In 2020 as Amazon stock was trending higher, Google took a few steps to build an anti-Amazon ecosystem. Because Amazon has its own in-house brands to sell, it competes with retailers.
In turn, a big chunk of Amazon’s advertising business comes from companies that pay to be listed as a “sponsored product” high up in the search results at its website.
In 2020, Google allowed sellers to list their products in its main search results for free. That reversed Google’s decision in 2012 to require that merchants buy ads to have their products appear in shopping searches.
Also, merchants get free listings at the Google Shopping website. Google in 2020 waived sales commissions of 5% to 15% for merchants at the Google Shopping website. Outside companies handle digital payments.
But the Google Shopping website doesn’t get much web traffic. It mainly offers product price comparisons.
As the coronavirus pandemic fades, e-commerce growth has reverted back to pre-Covid levels for companies such as PayPal Holdings (PYPL). Amazon stock recently got a lift, but is trending down.
According to Digital Commerce 360, Amazon and its third-party merchants accounted for 43.5% of digital spending in 2021. No online shopping market share data was available for Google.
Google in late June lost Bill Ready, one of its top commerce executives, to social media firm Pinterest (PINS). Ready, who joined Google from digital payments company PayPal in late 2019, became Pinterest’s chief executive.
Social media firms such as Pinterest, Facebook-parent Meta Platforms (META), Snapchat (SNAP) and TikTok are pushing into online shopping. With advertising growth slowing, the social media firms view transactional fee revenue streams as a new opportunity.
At this point, social commerce accounts for a small fraction of e-commerce. It remains to be seen whether Amazon stock or e-commerce companies such as Etsy (ETSY) or eBay (EBAY) will face a threat from social commerce.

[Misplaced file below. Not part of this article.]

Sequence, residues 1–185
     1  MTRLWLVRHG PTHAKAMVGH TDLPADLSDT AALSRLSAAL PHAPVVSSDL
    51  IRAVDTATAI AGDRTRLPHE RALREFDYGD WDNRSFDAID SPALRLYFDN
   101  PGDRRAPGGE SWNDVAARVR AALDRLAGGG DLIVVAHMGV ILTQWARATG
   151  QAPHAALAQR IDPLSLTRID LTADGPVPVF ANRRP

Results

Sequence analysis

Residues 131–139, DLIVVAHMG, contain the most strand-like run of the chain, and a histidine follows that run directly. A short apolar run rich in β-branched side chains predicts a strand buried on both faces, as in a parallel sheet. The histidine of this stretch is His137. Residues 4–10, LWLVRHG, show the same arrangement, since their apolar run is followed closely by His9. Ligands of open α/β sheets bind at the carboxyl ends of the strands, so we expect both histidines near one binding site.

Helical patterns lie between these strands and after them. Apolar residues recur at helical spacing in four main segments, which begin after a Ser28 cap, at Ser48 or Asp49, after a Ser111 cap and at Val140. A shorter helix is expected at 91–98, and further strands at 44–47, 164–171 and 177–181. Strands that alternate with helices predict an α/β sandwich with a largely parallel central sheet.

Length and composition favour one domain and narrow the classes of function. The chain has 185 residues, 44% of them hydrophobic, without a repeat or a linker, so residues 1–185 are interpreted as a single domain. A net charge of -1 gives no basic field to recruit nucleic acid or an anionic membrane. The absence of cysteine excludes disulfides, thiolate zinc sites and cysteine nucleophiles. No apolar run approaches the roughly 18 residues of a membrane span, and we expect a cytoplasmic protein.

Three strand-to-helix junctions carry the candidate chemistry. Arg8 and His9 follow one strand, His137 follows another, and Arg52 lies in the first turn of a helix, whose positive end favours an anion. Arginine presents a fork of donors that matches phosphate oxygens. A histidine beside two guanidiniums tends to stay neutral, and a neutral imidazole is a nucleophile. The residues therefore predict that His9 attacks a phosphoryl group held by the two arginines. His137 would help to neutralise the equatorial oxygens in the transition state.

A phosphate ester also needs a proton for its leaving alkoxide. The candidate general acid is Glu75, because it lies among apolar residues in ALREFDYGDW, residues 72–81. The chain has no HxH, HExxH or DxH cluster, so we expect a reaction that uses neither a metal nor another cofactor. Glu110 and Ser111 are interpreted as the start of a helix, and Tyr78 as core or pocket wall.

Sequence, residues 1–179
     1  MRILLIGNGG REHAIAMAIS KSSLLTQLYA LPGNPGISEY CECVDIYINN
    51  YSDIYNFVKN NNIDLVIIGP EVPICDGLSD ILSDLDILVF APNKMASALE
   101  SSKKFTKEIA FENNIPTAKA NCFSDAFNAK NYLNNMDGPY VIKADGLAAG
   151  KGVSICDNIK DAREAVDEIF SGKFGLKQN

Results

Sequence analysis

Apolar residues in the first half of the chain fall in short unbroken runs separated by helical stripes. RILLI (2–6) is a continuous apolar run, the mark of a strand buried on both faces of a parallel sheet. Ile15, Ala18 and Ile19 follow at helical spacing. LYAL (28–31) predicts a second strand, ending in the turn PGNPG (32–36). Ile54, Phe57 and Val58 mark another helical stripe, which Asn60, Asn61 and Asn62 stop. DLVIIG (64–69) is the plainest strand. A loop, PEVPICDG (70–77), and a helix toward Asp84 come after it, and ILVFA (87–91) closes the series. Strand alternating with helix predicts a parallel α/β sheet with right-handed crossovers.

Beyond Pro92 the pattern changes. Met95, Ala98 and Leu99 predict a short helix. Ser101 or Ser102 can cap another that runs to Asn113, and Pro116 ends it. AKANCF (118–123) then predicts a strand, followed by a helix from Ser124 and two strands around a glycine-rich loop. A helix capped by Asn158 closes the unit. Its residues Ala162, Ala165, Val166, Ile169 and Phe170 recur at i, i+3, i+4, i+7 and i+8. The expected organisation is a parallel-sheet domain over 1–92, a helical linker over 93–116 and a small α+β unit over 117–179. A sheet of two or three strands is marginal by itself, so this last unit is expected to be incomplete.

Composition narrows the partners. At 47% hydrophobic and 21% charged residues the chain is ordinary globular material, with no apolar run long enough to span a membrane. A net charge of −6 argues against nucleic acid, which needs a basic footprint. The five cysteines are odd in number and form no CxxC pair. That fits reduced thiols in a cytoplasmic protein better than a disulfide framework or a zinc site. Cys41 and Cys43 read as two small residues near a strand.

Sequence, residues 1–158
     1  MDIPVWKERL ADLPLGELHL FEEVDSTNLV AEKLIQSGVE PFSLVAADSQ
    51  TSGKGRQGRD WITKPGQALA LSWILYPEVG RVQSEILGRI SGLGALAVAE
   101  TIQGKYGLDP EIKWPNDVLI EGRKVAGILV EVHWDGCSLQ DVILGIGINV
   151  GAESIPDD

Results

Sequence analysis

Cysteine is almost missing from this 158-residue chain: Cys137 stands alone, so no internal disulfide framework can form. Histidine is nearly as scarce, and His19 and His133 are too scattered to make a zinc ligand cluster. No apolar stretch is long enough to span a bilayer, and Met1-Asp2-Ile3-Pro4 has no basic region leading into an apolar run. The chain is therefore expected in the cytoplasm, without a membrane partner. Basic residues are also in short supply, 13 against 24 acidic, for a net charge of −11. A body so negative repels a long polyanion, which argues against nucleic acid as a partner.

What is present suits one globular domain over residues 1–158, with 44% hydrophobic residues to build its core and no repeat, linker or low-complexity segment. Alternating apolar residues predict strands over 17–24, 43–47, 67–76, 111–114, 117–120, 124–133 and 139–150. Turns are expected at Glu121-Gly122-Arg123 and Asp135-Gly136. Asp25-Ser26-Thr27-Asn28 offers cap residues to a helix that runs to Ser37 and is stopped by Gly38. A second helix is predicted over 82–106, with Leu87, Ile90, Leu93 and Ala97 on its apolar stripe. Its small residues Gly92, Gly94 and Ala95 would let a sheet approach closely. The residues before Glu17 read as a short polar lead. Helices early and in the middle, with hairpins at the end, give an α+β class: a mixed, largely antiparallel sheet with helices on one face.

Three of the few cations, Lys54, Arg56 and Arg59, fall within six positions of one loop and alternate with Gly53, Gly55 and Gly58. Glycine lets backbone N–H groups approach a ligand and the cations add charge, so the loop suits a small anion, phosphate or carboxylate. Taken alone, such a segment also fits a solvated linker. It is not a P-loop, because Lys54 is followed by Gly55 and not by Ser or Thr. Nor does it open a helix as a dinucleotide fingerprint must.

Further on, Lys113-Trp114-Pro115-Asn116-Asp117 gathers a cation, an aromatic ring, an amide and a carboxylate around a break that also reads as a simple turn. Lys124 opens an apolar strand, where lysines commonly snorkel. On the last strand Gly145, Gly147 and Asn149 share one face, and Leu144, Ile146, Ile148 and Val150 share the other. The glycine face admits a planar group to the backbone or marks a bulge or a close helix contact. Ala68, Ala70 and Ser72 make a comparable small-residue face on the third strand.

Because social commerce often involves impulse buying, it may pose less of a problem for Google’s internet search business, says Don Apgar, director of merchant services at Mercator Advisory Group.
“Especially in categories like fashion, a lot of the consumer brands are moving toward an influencer model as opposed to an advertiser model,” he said. “The influencer is usually showcasing the brand’s products in day-to-day activities. As brands go out to meet customers where they are — in social media — the buying process gets incorporated into a platform.”
Shopify works with TikTok, Pinterest and Facebook. Meanwhile, Google has its own social commerce play — YouTube.
Shopify and YouTube in July announced an expanded partnership to promote live online shopping during video streaming.
YouTube content creators will be able to link their storefronts to Shopify and sell directly to viewers. Creators will display products on YouTube channels during livestreams or at the end of videos.
While it doesn’t have the e-commerce infrastructure that gives a boost to Amazon stock, there still are many levers to pull to help Google stock, said Sky Canaves, analyst at Insider Intelligence.
For example, with location technology and internet searches, Google can lead consumers to physical retail stores. The Google Lens camera app enables users to search for products, online or offline.
“I think they’re going to double-down on merging content and commerce,” Canaves said. “There are so many properties — from search to maps to YouTube — to drive retail activity and boost advertising. And some of them are advantages that Amazon doesn’t have.”
Follow Reinhardt Krause on Twitter @reinhardtk_tech for updates on 5G wireless, artificial intelligence, cybersecurity and cloud computing.